Jessica Brocksom of Milford was sworn in as Connecticut Kid Governor by Connecticut Secretary of the State Denise Merrill last Friday in front of a gathering of students, teachers and legislative leaders.
Jessica, a fifth grade student at John F. Kennedy Elementary, learned on Nov. 23 that she had won the statewide election and would be serving as Connecticut’s Kid Governor for the 2017 season.
Jessica eloquently thanked officials and fifth graders when she took the podium at the event.
“I have always loved animals and knew that some were not being treated right,” she said, adding that she finds it an incredible honor to be named Kid Governor. She said the post will allow her to fight for better treatment of animals and inspire others to do the same.
The program, now in its second year, was created by the Connecticut Public Affairs Network and is sponsored by the Connecticut Council for the Social Studies and the State Department of Education.
As part of her duties, Jessica will make appearances throughout the state, contribute to a Connecticut Kid Governor blog, and fulfill speaking engagements based on her platform issue: The humane treatment of animals.
She plans to lobby for tougher laws against people who are cruel to animals and educate the community about cruelty issues.
Jessica was elected out of seven candidates from around the state to serve as Connecticut Kid Governor.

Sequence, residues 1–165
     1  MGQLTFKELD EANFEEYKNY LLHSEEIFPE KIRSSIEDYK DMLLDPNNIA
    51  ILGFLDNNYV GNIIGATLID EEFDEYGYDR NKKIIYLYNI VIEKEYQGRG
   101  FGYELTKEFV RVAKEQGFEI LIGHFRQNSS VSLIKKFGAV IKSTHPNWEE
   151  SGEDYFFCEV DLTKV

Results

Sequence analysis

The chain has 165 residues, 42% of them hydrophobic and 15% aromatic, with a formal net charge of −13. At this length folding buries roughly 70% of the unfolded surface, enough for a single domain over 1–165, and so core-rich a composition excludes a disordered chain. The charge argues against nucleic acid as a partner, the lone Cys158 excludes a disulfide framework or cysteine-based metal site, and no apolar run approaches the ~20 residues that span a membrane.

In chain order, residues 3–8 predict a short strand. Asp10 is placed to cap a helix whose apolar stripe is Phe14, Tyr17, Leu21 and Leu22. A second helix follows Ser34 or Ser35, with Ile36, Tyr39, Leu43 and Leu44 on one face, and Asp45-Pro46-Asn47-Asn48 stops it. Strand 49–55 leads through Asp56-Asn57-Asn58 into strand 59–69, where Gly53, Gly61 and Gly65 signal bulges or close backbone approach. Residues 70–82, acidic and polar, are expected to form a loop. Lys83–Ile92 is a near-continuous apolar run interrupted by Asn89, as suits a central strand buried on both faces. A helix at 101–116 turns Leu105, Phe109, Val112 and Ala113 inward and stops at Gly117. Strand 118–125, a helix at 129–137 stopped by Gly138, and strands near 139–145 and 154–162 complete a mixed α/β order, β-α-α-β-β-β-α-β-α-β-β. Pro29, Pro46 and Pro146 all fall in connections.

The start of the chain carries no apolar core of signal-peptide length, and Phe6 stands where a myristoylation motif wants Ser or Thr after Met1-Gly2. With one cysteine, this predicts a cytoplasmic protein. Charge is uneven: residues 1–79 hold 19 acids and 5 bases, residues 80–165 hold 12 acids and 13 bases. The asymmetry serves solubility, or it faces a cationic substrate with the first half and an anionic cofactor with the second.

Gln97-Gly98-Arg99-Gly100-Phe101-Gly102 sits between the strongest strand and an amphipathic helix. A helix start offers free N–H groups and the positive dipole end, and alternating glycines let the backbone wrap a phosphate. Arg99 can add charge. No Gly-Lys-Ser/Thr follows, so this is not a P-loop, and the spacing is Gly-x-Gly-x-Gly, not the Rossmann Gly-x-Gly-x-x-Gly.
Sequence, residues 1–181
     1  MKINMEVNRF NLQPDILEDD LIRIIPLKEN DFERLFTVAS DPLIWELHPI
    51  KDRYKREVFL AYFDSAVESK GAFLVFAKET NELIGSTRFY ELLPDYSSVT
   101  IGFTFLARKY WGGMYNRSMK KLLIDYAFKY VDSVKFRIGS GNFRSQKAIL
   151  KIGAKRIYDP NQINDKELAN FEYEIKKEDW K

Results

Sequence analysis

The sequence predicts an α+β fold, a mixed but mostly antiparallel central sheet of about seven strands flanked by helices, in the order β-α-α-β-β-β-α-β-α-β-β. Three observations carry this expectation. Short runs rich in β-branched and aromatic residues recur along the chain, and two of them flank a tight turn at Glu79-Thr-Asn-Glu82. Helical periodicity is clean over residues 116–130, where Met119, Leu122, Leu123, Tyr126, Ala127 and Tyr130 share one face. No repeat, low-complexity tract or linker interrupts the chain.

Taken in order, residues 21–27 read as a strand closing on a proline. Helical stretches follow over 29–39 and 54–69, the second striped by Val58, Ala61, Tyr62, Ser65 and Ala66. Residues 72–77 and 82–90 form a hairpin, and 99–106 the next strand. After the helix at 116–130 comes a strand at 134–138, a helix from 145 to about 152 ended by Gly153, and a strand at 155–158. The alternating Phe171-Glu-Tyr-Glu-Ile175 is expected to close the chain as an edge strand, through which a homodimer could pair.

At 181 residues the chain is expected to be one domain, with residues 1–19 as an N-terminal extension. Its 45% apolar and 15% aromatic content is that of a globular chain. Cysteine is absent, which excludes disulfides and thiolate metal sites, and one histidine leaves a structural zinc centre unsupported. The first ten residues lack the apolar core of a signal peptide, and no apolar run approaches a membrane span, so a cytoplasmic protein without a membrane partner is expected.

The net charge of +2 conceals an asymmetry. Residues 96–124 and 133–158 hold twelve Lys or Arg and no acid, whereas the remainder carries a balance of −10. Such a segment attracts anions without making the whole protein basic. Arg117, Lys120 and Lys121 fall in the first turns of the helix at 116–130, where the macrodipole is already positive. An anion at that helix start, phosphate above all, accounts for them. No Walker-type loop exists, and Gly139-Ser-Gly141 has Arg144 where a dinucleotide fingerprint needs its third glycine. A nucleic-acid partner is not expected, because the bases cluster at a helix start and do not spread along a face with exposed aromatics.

More than 4,400 registered fifth graders across the state participated in this year’s election.
Those in attendance at the inauguration Friday included students and teachers from John F. Kennedy School and other schools who had a final candidate in the election, as well as various dignitaries and legislative leaders.
Following Jessica’s inauguration, students participated in a day-long educational program where they explored Connecticut’s Old State House, met representatives from the state’s three branches of government and took part in other civics-related activities.
Over the next year, Jessica will work with the team at the Connecticut Public Affairs Network (CPAN) to achieve her campaign goals by maintaining a blog, meeting with constituents, taking part in CPAN public programs, and encouraging students across the state to take action in promoting the humane treatment of animals.